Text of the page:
This time last year, possibly against my better judgement, I wrote a 50,000-word novel in just 30 days – a task so intense it involved me working nights, ignoring my children and being so desperate to hit my daily word count that I would find myself typing in carparks, dentist’s waiting rooms and, on one occasion, during a medical procedure.
Afterwards, I tried to put the whole experience behind me – until, 12 months on, I decided to do the one thing more gruelling than actually writing the book. Reader, I read it.
You see, ever since completing my debut novel as part of National Novel Writing Month (NaNoWriMo) – an annual event that encourages amateur writers to crank out a book, or at least a decent chunk of one, during the 30 days of November – it hasn’t exactly been attracting the attention of agents and publishers. Instead, it has sat on my bookshelf, unloved and unread, largely because the person who wrote it assumed it was a pile of old bobbins.
But I didn’t actually know that. The novel was bashed out at such a fast pace – 1,667 words a day, every day, to hit the NaNaWriMo quotient – that there was never any time to go back and read it. Each day I was forced to accept whatever I’d written and just plough on forwards. Believe it or not, it was a cathartic experience. There was no time for self-consciousness or getting bogged down in plot tangles. And that meant that, even though I started November 2021 without even a loose idea for a story, I somehow managed to end the month as an (unpublished) author.
My memory of what was in the novel, however, was sketchy. On the handful of occasions I’d had a peek at the pages, it was like reading the work of a complete stranger. In a way this is a good thing. Stephen King advises that writers step away from their manuscripts for at least a few weeks after completing them, in order to give their brains some time away from the story.
Well, it’s been a year since NaNoWriMo. Could this book really be as bad as I imagined? Amazingly, the answer is no.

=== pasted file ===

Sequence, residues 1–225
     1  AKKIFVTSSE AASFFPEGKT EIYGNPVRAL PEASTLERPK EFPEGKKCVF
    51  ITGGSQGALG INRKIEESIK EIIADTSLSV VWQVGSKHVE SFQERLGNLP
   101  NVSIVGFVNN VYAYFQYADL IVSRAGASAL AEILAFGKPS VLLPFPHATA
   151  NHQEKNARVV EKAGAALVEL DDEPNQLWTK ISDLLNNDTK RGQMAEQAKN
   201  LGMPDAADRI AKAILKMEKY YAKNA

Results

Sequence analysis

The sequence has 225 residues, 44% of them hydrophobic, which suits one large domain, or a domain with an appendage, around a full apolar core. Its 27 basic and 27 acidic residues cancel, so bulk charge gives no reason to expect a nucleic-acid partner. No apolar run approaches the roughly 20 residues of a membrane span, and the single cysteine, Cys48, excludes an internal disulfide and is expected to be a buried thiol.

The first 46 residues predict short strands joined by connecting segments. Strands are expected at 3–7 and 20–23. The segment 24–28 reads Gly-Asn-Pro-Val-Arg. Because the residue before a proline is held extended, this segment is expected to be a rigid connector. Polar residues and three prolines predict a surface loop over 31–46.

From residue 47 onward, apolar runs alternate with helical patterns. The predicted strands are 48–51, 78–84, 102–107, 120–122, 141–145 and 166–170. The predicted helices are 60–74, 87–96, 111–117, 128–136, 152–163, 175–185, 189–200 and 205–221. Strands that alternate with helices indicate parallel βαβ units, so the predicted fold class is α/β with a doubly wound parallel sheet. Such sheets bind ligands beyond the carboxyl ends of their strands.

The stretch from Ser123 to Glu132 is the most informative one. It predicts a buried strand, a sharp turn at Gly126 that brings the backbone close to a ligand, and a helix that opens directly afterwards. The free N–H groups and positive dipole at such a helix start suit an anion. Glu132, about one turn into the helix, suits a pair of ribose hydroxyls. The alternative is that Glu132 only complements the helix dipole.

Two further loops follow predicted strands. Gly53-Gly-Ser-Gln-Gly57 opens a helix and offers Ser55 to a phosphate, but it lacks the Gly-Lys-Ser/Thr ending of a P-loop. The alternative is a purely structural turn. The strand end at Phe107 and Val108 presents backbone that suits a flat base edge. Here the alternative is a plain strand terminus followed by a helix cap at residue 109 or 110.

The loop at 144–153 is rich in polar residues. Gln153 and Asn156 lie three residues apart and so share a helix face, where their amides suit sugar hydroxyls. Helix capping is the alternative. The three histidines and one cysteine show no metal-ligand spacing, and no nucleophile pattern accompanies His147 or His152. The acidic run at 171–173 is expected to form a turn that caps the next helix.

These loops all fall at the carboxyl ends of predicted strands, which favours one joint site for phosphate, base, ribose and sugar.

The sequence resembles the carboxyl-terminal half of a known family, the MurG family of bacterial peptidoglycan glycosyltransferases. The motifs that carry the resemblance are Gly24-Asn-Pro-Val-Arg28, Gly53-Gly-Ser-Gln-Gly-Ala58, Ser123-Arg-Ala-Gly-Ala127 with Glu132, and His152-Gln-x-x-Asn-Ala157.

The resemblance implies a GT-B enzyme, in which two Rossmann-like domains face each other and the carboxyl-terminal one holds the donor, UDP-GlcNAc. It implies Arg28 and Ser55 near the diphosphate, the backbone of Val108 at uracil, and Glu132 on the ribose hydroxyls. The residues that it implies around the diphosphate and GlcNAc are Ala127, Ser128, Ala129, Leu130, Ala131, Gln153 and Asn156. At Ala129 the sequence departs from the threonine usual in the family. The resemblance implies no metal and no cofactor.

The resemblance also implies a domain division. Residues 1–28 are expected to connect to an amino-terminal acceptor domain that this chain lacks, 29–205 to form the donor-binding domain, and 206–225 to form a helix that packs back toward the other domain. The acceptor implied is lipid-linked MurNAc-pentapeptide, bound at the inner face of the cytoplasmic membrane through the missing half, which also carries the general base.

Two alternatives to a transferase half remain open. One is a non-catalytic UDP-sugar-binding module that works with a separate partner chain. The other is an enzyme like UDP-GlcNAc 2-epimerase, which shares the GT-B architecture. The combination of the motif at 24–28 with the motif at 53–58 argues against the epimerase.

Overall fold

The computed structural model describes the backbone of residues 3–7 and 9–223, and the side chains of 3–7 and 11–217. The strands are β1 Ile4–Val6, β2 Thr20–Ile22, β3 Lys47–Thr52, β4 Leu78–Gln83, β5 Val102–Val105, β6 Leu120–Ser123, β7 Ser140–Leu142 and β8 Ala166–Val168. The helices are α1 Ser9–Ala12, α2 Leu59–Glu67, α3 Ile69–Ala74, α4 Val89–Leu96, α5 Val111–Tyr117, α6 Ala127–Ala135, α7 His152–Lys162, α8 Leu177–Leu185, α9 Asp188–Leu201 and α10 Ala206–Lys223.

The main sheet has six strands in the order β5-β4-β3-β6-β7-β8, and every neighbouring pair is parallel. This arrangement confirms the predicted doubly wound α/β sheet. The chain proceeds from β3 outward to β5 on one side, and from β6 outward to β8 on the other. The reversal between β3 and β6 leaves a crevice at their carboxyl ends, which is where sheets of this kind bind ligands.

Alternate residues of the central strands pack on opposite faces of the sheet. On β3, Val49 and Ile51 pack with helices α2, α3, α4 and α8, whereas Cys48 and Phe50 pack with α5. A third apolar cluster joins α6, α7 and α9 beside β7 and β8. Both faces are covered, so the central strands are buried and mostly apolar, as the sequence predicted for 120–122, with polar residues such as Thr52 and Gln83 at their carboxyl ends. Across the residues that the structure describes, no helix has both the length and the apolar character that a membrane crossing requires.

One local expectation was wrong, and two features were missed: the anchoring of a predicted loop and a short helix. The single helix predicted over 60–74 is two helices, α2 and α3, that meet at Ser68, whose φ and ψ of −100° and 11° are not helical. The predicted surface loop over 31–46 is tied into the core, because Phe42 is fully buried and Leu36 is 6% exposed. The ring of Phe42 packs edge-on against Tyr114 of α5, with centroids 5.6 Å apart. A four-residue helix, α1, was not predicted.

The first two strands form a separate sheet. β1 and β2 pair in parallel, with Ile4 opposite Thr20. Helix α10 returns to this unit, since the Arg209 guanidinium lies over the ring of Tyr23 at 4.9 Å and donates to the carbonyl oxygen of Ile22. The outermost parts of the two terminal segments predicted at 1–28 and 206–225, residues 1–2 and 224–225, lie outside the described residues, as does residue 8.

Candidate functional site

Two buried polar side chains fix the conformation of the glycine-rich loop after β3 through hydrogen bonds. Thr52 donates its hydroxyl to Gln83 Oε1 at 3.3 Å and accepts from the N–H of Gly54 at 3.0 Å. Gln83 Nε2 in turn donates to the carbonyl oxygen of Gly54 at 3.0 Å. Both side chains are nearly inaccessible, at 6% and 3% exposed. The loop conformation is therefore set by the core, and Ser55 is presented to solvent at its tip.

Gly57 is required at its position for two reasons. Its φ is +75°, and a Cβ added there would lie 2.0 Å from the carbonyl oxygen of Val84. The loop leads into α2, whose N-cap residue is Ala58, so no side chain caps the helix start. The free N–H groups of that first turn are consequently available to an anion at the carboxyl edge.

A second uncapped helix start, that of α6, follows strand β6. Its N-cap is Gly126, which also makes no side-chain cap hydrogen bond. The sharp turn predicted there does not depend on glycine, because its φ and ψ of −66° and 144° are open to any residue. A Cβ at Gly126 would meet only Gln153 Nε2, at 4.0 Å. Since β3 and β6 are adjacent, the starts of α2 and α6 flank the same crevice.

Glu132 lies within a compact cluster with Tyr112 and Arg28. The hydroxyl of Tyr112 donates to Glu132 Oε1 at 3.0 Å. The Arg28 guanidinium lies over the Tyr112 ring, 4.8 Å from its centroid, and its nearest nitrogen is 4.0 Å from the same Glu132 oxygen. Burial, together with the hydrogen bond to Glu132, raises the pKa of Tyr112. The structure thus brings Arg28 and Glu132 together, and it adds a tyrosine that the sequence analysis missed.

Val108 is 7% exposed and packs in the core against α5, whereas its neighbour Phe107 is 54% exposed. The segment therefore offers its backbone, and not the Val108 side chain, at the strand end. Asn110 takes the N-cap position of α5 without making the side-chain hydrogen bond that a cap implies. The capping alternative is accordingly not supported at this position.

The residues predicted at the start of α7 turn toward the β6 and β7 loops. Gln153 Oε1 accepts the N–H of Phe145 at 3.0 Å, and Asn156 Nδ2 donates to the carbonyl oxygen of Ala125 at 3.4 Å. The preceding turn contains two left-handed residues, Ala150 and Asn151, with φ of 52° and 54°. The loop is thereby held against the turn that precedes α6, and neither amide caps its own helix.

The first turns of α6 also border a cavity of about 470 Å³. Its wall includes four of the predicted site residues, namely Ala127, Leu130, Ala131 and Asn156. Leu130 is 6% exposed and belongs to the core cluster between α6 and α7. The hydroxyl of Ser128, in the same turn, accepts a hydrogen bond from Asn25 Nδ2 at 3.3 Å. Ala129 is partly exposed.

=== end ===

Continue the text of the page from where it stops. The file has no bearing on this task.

It is much, much worse.
I had held out hope that the opening two chapters might stand up, before I became totally exhausted by the exercise. But it turns out they are excruciatingly bad. Cringeworthy dialogue, tedious “action”, characters you’d cross the street to avoid. The best thing I can say about the opening scene, in which two characters wait on a quiet street for a drug dealer to turn up, is that it faithfully recreates that experience: it’s incredibly boring.
A character in a car kills the engine. Then they kill the lights. Then the engine again. At this point I could kill the author
Later, a character gets in a car and the driver kills the engine. Then they kill the lights. Then they drive forward, stop again, and kill the engine again. At this point I would happily kill all the characters, as well as the author of such drivel. Even worse are the appalling attempts at wit made by the characters, not just because they’re patently un-witty, but because they are always – always – followed up by me telling the reader how everyone laughed. And she laughed; And they both laughed; And they all laughed.
Much of this can be blamed on my deadline, and could be fixed with a brutal edit. The same, unfortunately, cannot be said for other aspects of the manuscript.
The story is about a group of old university friends who have lost touch and meet up to recreate one of their hedonistic nights out. I loved Graham Swift’s Last Orders and the way it skipped between present and past in order to tell the story. Swift did this so that he could gradually reveal more about the complex web of guilt and betrayal among apparently close friends. I seem to have done it for no reason at all other than to say, “This is a bit like Last Orders.” In fact, some of the early clues I plant for big reveals later on I clearly forget about. One conversation alludes to a character’s upcoming trial for something potentially awful … what could it be? Sadly, the reader will never know.
I almost give up reading a quarter of the way in. But I am (sort of) pleased that I didn’t. Because the novel does improve. While the bits I thought might be OK were depressingly poor, the parts I was dreading weren’t always as bad as I’d imagined. Even the sex scenes – some of which were written hastily and shamefully, with my mother-in-law in the same room – were bearable, and certainly no more awful than many I’ve read from proper authors. My worry that the plot seemed to progress by people just randomly bumping into each other didn’t really matter – maybe all books do this! There were even brief occasions when I hit some sort of stride, where the story suddenly picked up pace, I latched on to an authentic voice and the exploration of masculinity in the 90s seemed vaguely engaging. Sometimes this lasts for an entire page.
One thing I’ve learned from reading the novel back is that I will never let anyone read it again, including myself. Another is that if I’d ever had time to read this back while I was writing it, I would never have got beyond the first chapter (essentially, this is the whole point of NaNoWriMo: it forces you to get something on the page).
But I have also made peace with the terrible novel that has sat on my shelf for a year, making me feel a bit depressed whenever I spot it. It might be a pile of old crap. But I feel confident that if I ever hit on an interesting idea in future, at least I know I can get the words out on to the page. Even if it takes longer than 30 days.